Should children be given the flu jab?

Henrietta Norton BSc, Dip NT, MBANT, AFMCP Co-founder of Wild Nutrition and Nutritional Therapist.

As parents to 3 young children including our lovely 4 year old son Ned, we were intrigued by today's headlines outlining the latest recommendations for children aged 2-4 years of age to be given the flu vaccination.

Whether you choose to vaccinate or not, optimising your child's immune system can be a crucial aspect of restoring balance post-vaccination and or during illness. Here are 5 ways in which you can do so, naturally:

 

Check for Artificial colours & flavourings in food

 

Children are routinely eating food that swamps their body in a sea of artificially produced foods. This cocktail of artificially made chemicals can impact on the sophistication of the immune system and create a load that may increase a child’s susceptibility to auto-immune diseases (such as diabetes, arthritis), known as ‘developmental plasticity’. According to the Food Commission a child will have eaten its own weight in food additives by the time they are 17 years old. Check food labels for the main culprits listed here.

 

Be conscious of stress in your child.

Children get stressed too, in fact stress among children is increasing and childhood is getting shorter. Stress affects the endocrine, digestive and immune systems and creates imbalance both mentally and physically. Some individuals may be more vulnerable to the effects of stressors on their immune system in adult life as a result of inadequate nutrition in early life.

Give your child the run-around!

Daily exercise outdoors not only exposes your child to greater amounts of Vitamin D but it also improves the lymphatic system whose job it is to locate and immobilise infection efficiently. Only 30% of boys and 12% of girls are reaching the government recommendation of 60 minutes of physical activity a day. The work of Dr Jayne Donegan states the significant impact daily fresh air and plenty of vitamin D can have on immune function and, in her view, renders many vaccinations unnecessary.

 

Watch their A's and D's

Although the importance of Vitamin D in pregnancy and children under 5 is now well accepted in the medical field, Vitamin A remains a nutrient of controversy, especially during pregnancy.  However both these fat-soluble vitamins play a central, critical role in our children's defences against infection. As with all viral infections, the flu virus depletes vitamin A, particularly if you have flu with a high fever.  I would urge readers to look to the work of Sally Fallon of the Weston A Price Foundation for an interesting look at the impact that Vitamin A deficiency might have on development.  Food sources of Vitamin D provide the more active form of vitamin D (1.25-dihydroxyvitamin D) rather than the storage form often used in supplements. Oil rich fish is the richest source of this Vitamin D however intake is very low in children, particularly in adolescents and so supplementation may be necessary. Food-State Vitamin D used in our Wild Nutrition formulas has been verified by Dr Jeffrey Bland as the active food form of Vitamin D and includes a significant quantity of vitamin D metabolites including D1, 2, and D4.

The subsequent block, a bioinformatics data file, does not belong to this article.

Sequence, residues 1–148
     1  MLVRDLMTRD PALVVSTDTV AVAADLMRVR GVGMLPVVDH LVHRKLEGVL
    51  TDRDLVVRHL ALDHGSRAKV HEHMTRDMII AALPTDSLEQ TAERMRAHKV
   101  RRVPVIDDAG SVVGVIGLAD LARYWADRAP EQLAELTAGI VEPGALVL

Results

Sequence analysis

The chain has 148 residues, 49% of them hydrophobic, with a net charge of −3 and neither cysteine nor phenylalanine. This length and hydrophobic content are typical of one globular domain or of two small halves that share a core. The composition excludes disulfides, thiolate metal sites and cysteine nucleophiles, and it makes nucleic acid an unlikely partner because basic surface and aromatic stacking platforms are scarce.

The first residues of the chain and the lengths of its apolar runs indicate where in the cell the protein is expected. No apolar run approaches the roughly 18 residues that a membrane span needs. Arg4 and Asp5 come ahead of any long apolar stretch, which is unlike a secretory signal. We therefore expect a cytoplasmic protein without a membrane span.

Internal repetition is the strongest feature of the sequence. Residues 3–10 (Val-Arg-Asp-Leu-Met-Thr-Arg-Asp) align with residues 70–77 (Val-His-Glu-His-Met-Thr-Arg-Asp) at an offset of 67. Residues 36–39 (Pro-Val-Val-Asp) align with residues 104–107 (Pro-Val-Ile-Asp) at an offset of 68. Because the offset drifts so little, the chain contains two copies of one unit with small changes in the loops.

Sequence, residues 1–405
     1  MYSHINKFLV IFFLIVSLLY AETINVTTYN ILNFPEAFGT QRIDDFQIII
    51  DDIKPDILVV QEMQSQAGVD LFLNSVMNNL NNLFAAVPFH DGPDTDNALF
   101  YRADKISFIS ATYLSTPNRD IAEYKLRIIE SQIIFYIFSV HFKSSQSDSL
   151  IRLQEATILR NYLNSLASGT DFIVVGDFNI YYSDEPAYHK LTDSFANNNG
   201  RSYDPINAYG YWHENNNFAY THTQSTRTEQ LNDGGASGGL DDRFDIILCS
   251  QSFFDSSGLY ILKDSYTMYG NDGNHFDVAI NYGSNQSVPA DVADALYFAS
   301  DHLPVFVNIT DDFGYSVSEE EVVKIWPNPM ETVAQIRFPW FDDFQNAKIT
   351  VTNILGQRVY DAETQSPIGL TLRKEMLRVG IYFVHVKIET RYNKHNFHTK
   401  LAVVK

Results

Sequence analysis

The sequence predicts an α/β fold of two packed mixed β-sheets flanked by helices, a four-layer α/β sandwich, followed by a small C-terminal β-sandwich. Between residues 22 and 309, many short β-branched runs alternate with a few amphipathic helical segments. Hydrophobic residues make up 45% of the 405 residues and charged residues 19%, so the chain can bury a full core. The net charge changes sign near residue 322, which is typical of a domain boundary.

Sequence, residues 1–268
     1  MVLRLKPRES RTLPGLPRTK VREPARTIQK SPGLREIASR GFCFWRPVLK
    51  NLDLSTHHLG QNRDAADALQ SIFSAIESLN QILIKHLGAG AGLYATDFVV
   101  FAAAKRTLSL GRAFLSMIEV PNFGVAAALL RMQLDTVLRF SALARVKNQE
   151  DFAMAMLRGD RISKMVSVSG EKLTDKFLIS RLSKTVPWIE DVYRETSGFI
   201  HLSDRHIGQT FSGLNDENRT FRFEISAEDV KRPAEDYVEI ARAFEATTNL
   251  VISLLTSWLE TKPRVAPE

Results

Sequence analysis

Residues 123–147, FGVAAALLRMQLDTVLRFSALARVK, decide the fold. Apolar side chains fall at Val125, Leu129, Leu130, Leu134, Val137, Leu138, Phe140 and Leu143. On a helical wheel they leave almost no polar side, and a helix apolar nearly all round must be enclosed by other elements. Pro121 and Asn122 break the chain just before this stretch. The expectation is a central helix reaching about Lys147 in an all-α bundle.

Boost their beneficial flora 

It is now well established that probiotics play a critical function in immune acquisition in infancy. Multiple studies show a reduction in infectious and antibiotic or post vaccination-associated diarrohea[1] from taking lactobacillus strains including rhamnosus and casei.  Evidence also suggests that taking probiotic strains can reduce the risk of allergic disease in children delivered by Caesarean Section. At the age of 5 there was a 17% decrease in allergenic disease in those who had been exposed to probiotics in the last trimester and in early life compared to those in the placebo group[2].

 

Flu strains change annually so just remember that getting vaccinated this winter won't protect you for the next. There are also multiple strains of influenza which may not be negated by receiving the jab. Indeed some studies suggest the shot covers only about 10% of the types of flu that are going around, and the Cochrane review march 2014 showing only very modest effects at reducing flu symptoms.

The vaccination debate is a lengthy and complicated one with extreme opinions on both sides but I do feel that none of us are in a position to judge what is right for someone else's child. Instead we can only arm ourselves with information to make the most informed choices we can for our own. Whichever route you choose to take, make natural immune support the starting point.

 

If you are looking to supplement, our Wild Nutrition Bespoke Child Food-Grown Daily Multinutrient and Bespoke Child Multi Strain Biotic are available here.

For more ways to support your child's immune system, read our post 'Eating to beat the winter chills'.

 

Refs:

Lemberg D.A, Ooi, C.E & Da, A.D (2007) Probiotics in paediatric gastrointestinal diseases. Journal of Paediatrics and Child Health 43: 331-336

Kuitunen M, Kukkonen K, Juntunen-Backman K et al (2009) Probiotics prevent IgE-assocated allergy until five years in caesarean-delivered children but not in the total cohort. Journal of Allergy and Clinical Immunology 123: 335-341

Jefferson T et al (2014). Vaccines to prevent influenza in healthy adults. Cochrane Database of Systematic Review. 2014 March 13;3: CD001269

Arnica Group http://www.arnica.org.uk

Dr Jayne Donegan http://www.jayne-donegan.co.uk

Sally Fallon Morrell http://www.westonaprice.org/author/sfallon/

 

 

 

 

 

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